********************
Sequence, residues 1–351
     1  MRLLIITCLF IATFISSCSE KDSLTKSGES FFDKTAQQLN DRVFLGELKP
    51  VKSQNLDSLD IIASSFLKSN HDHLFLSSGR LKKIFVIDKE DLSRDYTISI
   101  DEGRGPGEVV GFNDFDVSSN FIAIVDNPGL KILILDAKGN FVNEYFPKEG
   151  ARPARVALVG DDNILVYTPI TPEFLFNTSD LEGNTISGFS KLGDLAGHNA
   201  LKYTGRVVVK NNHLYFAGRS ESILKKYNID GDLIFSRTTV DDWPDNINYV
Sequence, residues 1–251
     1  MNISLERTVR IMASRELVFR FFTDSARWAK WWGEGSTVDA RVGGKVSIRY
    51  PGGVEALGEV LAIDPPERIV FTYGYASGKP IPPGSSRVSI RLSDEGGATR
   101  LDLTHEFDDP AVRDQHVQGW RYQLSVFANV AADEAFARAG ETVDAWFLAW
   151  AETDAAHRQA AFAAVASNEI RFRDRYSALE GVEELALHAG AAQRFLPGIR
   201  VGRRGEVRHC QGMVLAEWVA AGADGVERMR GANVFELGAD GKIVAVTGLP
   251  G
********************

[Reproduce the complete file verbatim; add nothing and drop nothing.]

Sequence, residues 1–351
     1  MRLLIITCLF IATFISSCSE KDSLTKSGES FFDKTAQQLN DRVFLGELKP
    51  VKSQNLDSLD IIASSFLKSN HDHLFLSSGR LKKIFVIDKE DLSRDYTISI
   101  DEGRGPGEVV GFNDFDVSSN FIAIVDNPGL KILILDAKGN FVNEYFPKEG
   151  ARPARVALVG DDNILVYTPI TPEFLFNTSD LEGNTISGFS KLGDLAGHNA
   201  LKYTGRVVVK NNHLYFAGRS ESILKKYNID GDLIFSRTTV DDWPDNINYV
Sequence, residues 1–251
     1  MNISLERTVR IMASRELVFR FFTDSARWAK WWGEGSTVDA RVGGKVSIRY
    51  PGGVEALGEV LAIDPPERIV FTYGYASGKP IPPGSSRVSI RLSDEGGATR
   101  LDLTHEFDDP AVRDQHVQGW RYQLSVFANV AADEAFARAG ETVDAWFLAW
   151  AETDAAHRQA AFAAVASNEI RFRDRYSALE GVEELALHAG AAQRFLPGIR
   201  VGRRGEVRHC QGMVLAEWVA AGADGVERMR GANVFELGAD GKIVAVTGLP
   251  G